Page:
A Railroad with Relevance

Lower Deck Redesign

Written By: Alan - Feb• 12•23

Big changes are afoot on the LK&O!

The railroad, as originally designed, was physically a double deck arrangement however it was functionally a single deck railroad with the lower deck being strictly utilitarian, i.e. staging, reverse loop, and a continuous running connection. There was to be no scenery and no operations on the lower deck. It was entirely “backstage” most of which would be hidden behind a curtain.


For the past several years I have entertained the idea of making the lower deck fully operational just like the upper deck. I have found that I really enjoy the length of run on the railroad. The thought of nearly doubling that length is too alluring to resist. Until now it has been nothing more than thinking about it. The recent completion of the south helix meant it was time to make a decision. I’ve made my choice. I’m going for it!

Here is the work-in-progress track plan I have so far. The grid pattern is the upper deck benchwork for reference.


Staging is changed from its original double ended configuration to a stub end arrangement. The ability to dispatch trains both east and west is preserved by a wye onto the lower deck. Staging capacity, for all practical purposes, is the same. The reversing loop was eliminated.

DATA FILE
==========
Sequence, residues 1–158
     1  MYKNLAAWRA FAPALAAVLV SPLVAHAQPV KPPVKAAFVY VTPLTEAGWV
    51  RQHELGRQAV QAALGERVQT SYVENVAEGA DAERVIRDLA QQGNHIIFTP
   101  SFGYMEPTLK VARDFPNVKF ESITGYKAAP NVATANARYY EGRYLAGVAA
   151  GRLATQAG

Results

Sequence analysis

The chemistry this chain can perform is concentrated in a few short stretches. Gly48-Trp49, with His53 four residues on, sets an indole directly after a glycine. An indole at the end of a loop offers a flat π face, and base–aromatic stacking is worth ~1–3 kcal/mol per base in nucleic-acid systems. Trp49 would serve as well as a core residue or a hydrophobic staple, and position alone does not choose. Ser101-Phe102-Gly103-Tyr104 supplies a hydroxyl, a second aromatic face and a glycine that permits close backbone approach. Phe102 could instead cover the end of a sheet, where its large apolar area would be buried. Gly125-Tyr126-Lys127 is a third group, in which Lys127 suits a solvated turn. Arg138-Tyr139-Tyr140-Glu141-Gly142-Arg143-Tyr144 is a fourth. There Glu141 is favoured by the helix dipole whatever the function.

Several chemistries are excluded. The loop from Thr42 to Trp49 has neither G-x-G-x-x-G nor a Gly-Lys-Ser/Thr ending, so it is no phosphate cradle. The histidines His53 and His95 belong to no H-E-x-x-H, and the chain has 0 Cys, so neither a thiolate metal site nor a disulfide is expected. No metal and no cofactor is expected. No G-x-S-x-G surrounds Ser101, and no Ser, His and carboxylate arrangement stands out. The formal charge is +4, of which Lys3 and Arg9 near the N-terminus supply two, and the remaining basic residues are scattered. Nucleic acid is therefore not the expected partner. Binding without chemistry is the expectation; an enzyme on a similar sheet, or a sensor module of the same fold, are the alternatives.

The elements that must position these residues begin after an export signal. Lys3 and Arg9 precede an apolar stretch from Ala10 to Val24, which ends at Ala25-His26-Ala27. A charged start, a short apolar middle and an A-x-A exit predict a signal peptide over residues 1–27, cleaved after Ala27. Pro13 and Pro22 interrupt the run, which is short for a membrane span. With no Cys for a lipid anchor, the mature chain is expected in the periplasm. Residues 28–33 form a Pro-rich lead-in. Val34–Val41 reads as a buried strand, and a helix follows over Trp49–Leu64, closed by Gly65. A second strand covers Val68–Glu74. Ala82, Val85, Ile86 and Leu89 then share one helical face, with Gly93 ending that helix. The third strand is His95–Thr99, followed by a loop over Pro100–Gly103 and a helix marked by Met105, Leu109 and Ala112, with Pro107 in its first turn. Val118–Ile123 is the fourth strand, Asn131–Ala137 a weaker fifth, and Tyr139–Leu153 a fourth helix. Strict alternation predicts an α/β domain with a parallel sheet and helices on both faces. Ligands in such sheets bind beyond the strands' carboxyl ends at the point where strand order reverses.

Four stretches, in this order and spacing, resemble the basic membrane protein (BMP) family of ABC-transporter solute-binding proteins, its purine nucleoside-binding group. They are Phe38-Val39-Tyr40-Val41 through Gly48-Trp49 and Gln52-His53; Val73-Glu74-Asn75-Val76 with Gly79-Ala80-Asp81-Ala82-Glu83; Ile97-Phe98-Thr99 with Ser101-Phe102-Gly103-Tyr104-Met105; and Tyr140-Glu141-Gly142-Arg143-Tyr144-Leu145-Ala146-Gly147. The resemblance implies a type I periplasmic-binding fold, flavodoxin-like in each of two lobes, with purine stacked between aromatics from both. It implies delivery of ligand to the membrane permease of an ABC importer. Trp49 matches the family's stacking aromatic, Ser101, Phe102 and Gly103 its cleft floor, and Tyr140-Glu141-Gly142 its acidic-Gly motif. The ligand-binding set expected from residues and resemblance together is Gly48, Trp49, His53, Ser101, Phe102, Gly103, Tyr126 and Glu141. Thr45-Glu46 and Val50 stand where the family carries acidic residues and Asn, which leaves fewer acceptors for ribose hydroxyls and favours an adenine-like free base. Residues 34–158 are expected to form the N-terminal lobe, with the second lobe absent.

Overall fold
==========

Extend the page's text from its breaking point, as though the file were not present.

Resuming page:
From helix to nolix

Replacing the north helix is the continuation of the existing grade that starts on the upper deck near Mittiki Mine and proceeds through Kitzmiller.

At Kitzmiller the track enters a mountain and snakes its way along and through the backdrop as hidden track until it emerges on the lower deck just below the mine. The hidden track is 1.8% grade.

Since originating on the upper deck at an elevation of 53″, the track has dropped to an elevation of 41″ by the time it appears on the lower deck under the mine. Minus the upper fascia height this results in a viewport height of only 7″ so the benchwork will be narrow at 8″, track will be at the front, and the photo backdrop will do the heavy lifting to create a sense of depth. My mind’s eye sees the scene looking something like this:

The 1.8% grade continues round the bend (under Lapeer) and the benchwork gets a little deeper at 12″ as the viewport grows taller. The grade continues to the staging wye track where it finally reaches the standard lower deck elevation of 32-1/2″. Nolix replaces helix.

Additional switching

In addition to the little one car spot at Chuch’s Coal, the new lower deck created space for several additional large industries to serve – Babcock & Wilcox boiler works, Ideal Bakery, 3M Roofing Granules, and Columbian Chemicals. My cardboard lower benchwork section mock up (sorry, forgot to photograph) showed 16″ was about the right depth for the benchwork. This works out great because the backdrops will hide the upper benchwork wall brackets.

Time to make sawdust

So there is my big news. I’m off to the lumber yard tomorrow.


You can follow any responses to this entry through the RSS 2.0 feed. You can skip to the end and leave a response. Pinging is currently not allowed.

Leave a Reply

Your email address will not be published. Required fields are marked *

This site uses Akismet to reduce spam. Learn how your comment data is processed.